Six Creative Ways to Solve Biomedicine's Big Data Problem

International teams compete to develop tools to harness biomedical big data

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Six Creative Ways to Solve Biomedicine's Big Data Problem
Photo-illustration: Donald Iain Smith/Getty Images

Biomedical research generates an obscene amount of data. Many of the sensors, robots and other technologies IEEE Spectrumregularly profiles spew out terabytes to petabytes of data—and that’s only a sliver of the volume of health information stored in databases around the world.

Now, three funding agencies are trying to spur the development of tools and platforms to improve researchers’ ability to find, access and use that data. Yesterday at the 7thHealth Datapalooza conference in Washington, D.C., the National Institutes of Health, the U.K.-based Wellcome Trust, and the Howard Hughes Medical Institute announced six finalists for the first-ever Open Science Prize, a global science competition for prototype tools and platforms to tame biomedical’s big data behemoth.

Part of the problem with developing these kind of tools is that no one is sure who should be responsible for them. “Data is generated globally, but it’s essentially managed and funded nationally,” says Philip Bourne, associate director for data science at the NIH. In an effort to transcend international borders and fund data science in a new way, Bourne and colleagues at Wellcome and HHMI hatched a plan for the prize.

Launched last October, 96 teams spanning 45 countries entered the competition. Each team was required to have one member based in the U.S. and at least one other in another country.

Yesterday, an expert panel announced the six finalists who would receive $80,000 each to spend over the next nine months to develop their prototype. “We tried to pick things that had real promise, and where a small amount of money and a bit of publicity would really help,” says Bourne.

Here we take a peek at the six finalists, but be sure to stay tuned later this year to help pick a winner: In December, each team will demonstrate their prototype at a showcase, and the public will be invited to vote for their favorites. The winner will receive a grand prize of $230,000 to turn their idea into reality.

Without further ado, let’s meet the finalists:

  • Brainbox – The amount of brain imaging data available on the Internet is, well, mind-boggling. And compared to other types of data, neuroimaging data requires a substantial amount of human effort, such as curating and editing images. BrainBox is an online laboratory designed to give researchers easy access to brain imaging data (notably without downloading it) and to enable distributed collaboration so everyone can share in the effort.

  • NeuroArch – Despite valiant efforts to map the entire human brain, a more near-term goal is to map a smaller brain, such as that of a fruit flywhich shares more than 70 percent of the genes involved in human brain disorders. The Fruit Fly Brain Observatory project would develop an open graph database platform called NeuroArch to store and process information about the fly brain, including the location, shape, and connectivity of every neuron. With all that data in one place, it might be possible to generate a simulated fly brain and see what happens when it is altered via genetics or drugs.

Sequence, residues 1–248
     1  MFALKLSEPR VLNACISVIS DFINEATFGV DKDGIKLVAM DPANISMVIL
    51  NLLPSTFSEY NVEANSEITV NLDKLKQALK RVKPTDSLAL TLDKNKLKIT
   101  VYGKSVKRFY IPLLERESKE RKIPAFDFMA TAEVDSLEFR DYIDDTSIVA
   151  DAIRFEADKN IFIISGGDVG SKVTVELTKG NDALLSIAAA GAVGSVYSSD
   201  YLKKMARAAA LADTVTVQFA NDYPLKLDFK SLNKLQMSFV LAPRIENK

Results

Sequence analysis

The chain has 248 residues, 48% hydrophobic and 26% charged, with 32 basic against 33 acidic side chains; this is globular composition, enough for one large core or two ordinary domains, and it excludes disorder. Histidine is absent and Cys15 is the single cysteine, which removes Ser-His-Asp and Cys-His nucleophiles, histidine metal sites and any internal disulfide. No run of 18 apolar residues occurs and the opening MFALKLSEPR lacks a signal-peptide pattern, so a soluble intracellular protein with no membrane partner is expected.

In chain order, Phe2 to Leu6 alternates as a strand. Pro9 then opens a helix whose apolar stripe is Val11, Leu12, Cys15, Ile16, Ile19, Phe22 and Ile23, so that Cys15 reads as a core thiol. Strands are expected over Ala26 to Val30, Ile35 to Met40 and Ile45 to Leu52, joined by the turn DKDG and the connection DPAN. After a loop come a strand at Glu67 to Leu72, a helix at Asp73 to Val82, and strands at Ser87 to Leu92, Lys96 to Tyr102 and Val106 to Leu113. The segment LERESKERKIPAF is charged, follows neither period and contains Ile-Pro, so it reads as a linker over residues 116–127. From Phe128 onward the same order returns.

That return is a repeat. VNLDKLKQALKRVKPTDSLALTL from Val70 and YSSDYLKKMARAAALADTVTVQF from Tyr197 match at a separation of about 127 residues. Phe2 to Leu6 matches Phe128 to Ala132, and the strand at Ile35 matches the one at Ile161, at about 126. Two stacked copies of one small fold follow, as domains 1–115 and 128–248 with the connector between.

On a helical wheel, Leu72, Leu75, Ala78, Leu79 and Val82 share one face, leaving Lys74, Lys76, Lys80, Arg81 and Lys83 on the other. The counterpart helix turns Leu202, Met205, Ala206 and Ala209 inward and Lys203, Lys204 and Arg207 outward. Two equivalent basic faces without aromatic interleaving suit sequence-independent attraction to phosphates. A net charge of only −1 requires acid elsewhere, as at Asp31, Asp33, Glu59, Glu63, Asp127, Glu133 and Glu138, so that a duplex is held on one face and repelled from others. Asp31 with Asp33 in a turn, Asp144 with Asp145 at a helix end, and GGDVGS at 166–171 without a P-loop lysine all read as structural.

• MyGene2 – Rare diseases aren’t as rare as you think. More than 6,000 known rare diseases affect an estimated 25 million people in the U.S. today. Yet more than half of families who undergo genetic testing fail to get a diagnosis for a suspected rare disease. A website named MyGene2 provides a place for families and clinicians to share health and genetic information on rare diseases as a way to promote the diagnosis and discovery of new rare conditions and the genes that cause them.

  • Nextstrain – To intervene and stop the outbreak of an epidemic, scientists need to get their hands on genomic data from viral pathogens as soon as possible. The Nextstrain project pools genetic data from research groups around the world to visualize the spread of a virus in near real-time. For example, check out their graphic of the current evolution of the Zika virus.

  • OpenAQ – According to the World Health Organization, air pollution exposure is responsible for one in eight global deaths, yet air quality data has traditionally been stored on obscure websites that are difficult to access and have inconsistent formats. The OpenAQ platform prototype aggregates and standardizes publicly available, real-time air quality data. It has already collected and shared 9.7 million air quality measurements from 500+ locations in 13 countries.

  • OpenTrialsFDA – When the U.S. Food and Drug Administration approves a drug, the agency publically publishes a package of information about that drug, often including previously unpublished clinical trials. Though this information is quite valuable, it is notoriously difficult to access, aggregate and search. OpenFDA is an effort to build a user-friendly web interface to enable anyone to access the data, plus APIs to allow third-party platforms to tap into and search the data. 
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